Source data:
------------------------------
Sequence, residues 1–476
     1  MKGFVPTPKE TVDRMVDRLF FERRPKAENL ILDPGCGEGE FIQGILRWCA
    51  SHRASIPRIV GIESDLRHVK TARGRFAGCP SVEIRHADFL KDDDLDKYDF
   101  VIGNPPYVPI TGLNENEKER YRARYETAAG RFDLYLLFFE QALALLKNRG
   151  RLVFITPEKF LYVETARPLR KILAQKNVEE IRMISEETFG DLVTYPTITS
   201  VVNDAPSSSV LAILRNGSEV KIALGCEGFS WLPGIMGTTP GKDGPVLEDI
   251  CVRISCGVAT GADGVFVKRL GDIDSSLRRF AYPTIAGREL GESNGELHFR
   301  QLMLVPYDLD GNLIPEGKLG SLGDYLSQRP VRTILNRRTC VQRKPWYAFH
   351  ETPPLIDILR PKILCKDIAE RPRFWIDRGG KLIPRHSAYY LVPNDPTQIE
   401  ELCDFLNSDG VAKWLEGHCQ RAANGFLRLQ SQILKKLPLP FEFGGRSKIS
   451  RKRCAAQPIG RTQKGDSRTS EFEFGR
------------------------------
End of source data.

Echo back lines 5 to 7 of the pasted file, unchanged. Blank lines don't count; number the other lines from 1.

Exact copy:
   151  RLVFITPEKF LYVETARPLR KILAQKNVEE IRMISEETFG DLVTYPTITS
   201  VVNDAPSSSV LAILRNGSEV KIALGCEGFS WLPGIMGTTP GKDGPVLEDI
   251  CVRISCGVAT GADGVFVKRL GDIDSSLRRF AYPTIAGREL GESNGELHFR